Hosting Small Events During the Coronavirus (COVID-19)

The coronavirus (COVID-19) pandemic has taken its toll on a number of industries. Destroying small businesses, shutting down bars, restaurants, hair salons, as well as any community events such as farmer's markets, nonprofits and fundraisers. 

COVID-19 has also left event planners in limbo. No events, no work. With almost all events postponed or cancelled until 2021, the disease is sucking the event industry dry.

However, as we continue to progress we will once again be able to host events, but of what capacity?



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Small events and COVID-19

If we ever want to host events again, we need to start small. 

According to the CDC, we currently must avoid all large events and gatherings as this can contribute to the continuous spread of germs and the virus.

With mass numbered events, it’s impossible to put effective social distancing and safety regulations in place and expect them to be followed

Large events we must avoid for now: 
  • Festivals
  • Concerts
  • Fairs
  • Trade shows
  • Conventions
  • Conferences
  • Sports
  • Networking 
  • Farmer's markets

Small events, however, are easier to manage. When planning for a small event, there are a few risk factors you should consider before moving forward

(1) Consider the size of your event and if it’s actually considered a small event.

Everyones definition of a small guest size is different; 50, 30, 10, or smaller. However, the biggest risk factor is not completely the size, but (2) how people can move throughout the event.  

Whether your event has 50 guests or 10, if they are tightly packed together in a small area, or can’t socially distance themselves, this will have the same effect of hosting a mass gathering; there is the same chance of your guests catching the coronavirus.

the Pentagon is exercising social distancing by keeping reporters' chairs four feet apart from each other during news briefings

If you have mass crowds or guests are stuck in a small space, this leads to congestion and the inability to move around. By spending more time in one space next to other people, they have higher chances of getting the virus.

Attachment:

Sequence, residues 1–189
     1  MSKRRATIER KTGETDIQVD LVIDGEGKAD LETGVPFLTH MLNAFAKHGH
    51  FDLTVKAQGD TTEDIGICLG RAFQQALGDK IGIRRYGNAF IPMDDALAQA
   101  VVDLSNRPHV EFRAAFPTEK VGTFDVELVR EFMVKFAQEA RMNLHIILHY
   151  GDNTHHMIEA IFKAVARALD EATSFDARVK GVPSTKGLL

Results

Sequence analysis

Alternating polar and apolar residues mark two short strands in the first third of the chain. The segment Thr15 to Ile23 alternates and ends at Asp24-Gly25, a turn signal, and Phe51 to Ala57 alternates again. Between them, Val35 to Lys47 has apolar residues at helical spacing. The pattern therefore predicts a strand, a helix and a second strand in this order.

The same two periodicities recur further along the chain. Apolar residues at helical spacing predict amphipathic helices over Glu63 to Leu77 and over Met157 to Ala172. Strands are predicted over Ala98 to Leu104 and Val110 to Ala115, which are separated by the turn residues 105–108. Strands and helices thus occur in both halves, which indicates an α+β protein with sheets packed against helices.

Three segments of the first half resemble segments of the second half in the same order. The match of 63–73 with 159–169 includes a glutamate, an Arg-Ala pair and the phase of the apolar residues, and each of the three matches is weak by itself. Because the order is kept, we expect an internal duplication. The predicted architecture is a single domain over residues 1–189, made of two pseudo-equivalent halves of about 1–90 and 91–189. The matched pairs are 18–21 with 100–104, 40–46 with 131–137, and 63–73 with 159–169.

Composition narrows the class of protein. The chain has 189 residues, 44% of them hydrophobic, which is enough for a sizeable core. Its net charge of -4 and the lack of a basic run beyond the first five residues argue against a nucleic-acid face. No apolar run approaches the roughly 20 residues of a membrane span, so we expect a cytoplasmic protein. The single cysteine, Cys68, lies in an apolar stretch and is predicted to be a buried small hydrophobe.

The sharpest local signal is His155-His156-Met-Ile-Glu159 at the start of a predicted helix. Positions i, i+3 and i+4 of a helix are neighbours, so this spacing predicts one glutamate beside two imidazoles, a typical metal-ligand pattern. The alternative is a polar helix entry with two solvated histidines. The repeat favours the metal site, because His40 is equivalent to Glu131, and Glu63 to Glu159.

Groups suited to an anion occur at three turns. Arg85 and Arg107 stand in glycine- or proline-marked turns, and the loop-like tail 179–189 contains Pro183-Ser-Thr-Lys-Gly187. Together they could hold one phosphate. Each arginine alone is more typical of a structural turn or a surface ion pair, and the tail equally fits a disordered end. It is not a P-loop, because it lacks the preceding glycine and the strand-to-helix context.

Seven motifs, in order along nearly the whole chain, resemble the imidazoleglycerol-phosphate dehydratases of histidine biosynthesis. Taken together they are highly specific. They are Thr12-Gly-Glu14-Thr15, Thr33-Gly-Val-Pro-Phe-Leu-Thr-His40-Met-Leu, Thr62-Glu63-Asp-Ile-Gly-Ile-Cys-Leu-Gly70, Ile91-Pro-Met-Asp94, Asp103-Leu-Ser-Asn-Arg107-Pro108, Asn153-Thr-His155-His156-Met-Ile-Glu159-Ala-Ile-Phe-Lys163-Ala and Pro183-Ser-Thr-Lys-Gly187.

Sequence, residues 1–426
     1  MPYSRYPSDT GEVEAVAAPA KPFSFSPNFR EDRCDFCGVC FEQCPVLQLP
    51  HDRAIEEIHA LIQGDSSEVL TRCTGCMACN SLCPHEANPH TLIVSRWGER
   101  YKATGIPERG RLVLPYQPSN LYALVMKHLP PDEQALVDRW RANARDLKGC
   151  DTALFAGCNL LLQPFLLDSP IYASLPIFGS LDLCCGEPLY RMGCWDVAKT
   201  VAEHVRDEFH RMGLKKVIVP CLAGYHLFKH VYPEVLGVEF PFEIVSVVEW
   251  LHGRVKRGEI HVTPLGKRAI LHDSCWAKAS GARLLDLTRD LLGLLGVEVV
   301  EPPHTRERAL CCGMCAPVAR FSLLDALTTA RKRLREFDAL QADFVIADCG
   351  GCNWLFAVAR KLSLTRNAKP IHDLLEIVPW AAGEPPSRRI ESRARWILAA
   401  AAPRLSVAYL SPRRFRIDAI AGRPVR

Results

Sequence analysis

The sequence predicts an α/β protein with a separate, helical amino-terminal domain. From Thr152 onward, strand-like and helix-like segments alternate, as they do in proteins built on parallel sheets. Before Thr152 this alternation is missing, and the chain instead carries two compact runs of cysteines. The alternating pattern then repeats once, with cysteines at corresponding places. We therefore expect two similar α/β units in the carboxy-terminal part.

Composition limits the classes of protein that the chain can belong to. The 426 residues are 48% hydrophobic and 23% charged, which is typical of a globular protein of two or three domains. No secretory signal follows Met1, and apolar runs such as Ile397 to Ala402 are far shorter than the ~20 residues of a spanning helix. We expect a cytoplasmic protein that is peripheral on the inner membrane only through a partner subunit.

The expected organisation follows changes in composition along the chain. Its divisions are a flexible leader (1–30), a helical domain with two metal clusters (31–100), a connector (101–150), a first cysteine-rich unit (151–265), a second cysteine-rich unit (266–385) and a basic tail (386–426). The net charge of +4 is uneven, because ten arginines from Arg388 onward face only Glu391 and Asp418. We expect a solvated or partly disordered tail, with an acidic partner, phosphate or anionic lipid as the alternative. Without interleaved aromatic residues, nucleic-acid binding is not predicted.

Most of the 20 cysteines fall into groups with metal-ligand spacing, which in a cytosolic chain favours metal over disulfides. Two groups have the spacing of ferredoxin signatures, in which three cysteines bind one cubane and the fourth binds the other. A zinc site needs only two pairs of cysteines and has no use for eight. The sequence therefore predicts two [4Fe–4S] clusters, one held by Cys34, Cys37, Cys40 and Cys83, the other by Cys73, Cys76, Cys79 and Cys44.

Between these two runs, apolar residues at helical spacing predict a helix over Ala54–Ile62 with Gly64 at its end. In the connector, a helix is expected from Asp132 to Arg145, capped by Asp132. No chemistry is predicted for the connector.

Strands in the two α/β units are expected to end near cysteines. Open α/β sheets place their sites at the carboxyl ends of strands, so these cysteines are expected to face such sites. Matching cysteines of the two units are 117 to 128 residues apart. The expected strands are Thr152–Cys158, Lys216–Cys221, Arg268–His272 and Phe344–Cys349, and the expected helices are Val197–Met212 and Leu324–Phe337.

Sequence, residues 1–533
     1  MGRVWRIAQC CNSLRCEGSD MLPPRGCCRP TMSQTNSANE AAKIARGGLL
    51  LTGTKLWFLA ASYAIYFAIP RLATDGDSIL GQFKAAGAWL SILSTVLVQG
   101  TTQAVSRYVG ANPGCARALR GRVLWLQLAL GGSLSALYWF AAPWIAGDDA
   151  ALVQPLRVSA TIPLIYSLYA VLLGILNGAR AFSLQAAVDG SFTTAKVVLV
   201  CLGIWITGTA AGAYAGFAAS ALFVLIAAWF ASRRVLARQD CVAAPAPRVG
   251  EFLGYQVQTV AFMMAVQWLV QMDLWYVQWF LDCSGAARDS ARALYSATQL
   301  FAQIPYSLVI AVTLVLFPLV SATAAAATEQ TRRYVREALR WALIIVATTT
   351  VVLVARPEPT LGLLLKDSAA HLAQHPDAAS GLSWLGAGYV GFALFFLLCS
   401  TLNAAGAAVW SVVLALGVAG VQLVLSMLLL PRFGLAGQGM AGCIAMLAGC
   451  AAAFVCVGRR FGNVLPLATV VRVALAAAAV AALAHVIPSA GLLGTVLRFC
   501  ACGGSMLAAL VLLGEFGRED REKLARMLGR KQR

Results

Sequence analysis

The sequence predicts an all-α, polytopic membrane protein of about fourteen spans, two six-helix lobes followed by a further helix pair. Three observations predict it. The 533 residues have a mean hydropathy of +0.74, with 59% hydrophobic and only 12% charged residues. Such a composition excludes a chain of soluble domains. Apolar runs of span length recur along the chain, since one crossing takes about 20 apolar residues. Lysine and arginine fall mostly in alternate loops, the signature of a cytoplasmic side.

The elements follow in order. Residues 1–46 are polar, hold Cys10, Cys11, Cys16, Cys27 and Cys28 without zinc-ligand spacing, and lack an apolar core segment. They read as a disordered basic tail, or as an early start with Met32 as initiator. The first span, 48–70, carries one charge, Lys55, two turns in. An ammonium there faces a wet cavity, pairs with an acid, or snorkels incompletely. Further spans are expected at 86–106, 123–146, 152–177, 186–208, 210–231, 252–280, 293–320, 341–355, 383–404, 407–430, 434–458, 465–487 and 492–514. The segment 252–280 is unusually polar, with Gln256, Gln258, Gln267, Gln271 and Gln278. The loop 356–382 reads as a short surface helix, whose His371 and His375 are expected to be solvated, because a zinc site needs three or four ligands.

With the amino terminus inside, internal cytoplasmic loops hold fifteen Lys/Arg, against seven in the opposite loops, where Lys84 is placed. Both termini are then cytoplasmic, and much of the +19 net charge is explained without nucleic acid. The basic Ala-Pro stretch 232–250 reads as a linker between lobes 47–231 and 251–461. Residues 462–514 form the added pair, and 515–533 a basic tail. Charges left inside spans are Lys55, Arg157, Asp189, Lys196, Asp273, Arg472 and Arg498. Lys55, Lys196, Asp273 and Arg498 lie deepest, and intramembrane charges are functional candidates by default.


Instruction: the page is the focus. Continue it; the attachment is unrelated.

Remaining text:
Other factors worth considering: 

  • Age and demographics of attendees 
  • Your venue (is it a closed space)
  • Your location (is it in a highly affected area?)
  • Current rules enforced in your community regarding events and COVID-19
  • The interaction rate at your event


It’s important to constantly stay updated and follow the latest rules and regulations put in place for your community and/or state.

"Last week, the U.S. Centers for Disease Control and Prevention warned against groups larger than 250 if there was no known community spread of the novel coronavirus in a region. On Sunday, the guidelines shrunk to a maximum of 50 people for the next eight weeks. On Monday, the White House recommended a maximum of 10. In most cases, the rationale for these specific numbers is not entirely clear, leading to inconsistent behaviors.

- National Geographic

If you are scratching to start planning events again, it may be awhile.

Let small events be your savior. Once we begin to recover, start by planning community get-togethers, host meetups and gatherings, but scale it down to 10 - 50 guests MAX. 



How to run a safe, small event

a man with a face mask while looking at his phone sits in a blue chair alone in an empty Coliseum

1. Properly train staff and volunteers with different protocols in place. Wear gloves, mask, frequently change gloves, assign cleaning shifts, monitoring social distancing, etc.

2. Eliminate interactions and contact. That means no games, no hugs, handshakes, open food, catering, food trucks, close sitting, etc. 

3. Shorten your event. Lesson the time your guests spend together. 

4. If you can, stick to an outdoor venue so you are not limited on space. 

5. Space out your guests and implement line control with these tips.

6. Set up hand sanitizing stations around the entire venue.

7. Create an emergency plan in case an outbreak occurs in your area (postponing/cancellation/refunding).

8. Only accept guests within the area to eliminate people traveling to your event.

9. Encourage guests to do the following through constant communication before the event.

- Stay home if sick

- Wear masks, gloves to the event

- Avoid touching your face

- Follow social distancing rules


10. Provide preventative supplies if people don’t have their own such as a mask or gloves. 



Are mass events in our near future?

Our world is slowly going back to normal sssssllllloooowwwwwwllllyyyyyy.
It’s going to be awhile until we start seeing mass gatherings again. Of course, large events will be in our future.

How near? ... that’s the real question.
a large crowd of people waving their arms at a music festivalBy continuing our social distancing, practicing healthy habits like washing our hands, taking care of our health (mentally and physically) and staying positive, these bleak days will pass.

Remember, the longer we continue to eliminate health risks and be proactive, the sooner we will have our events back!
For now, all you can do is continue to stay up-to-date on your state and country's state regarding the coronavirus. *** This resource breaks down which state and countries are reopening soon and where you can hold events.



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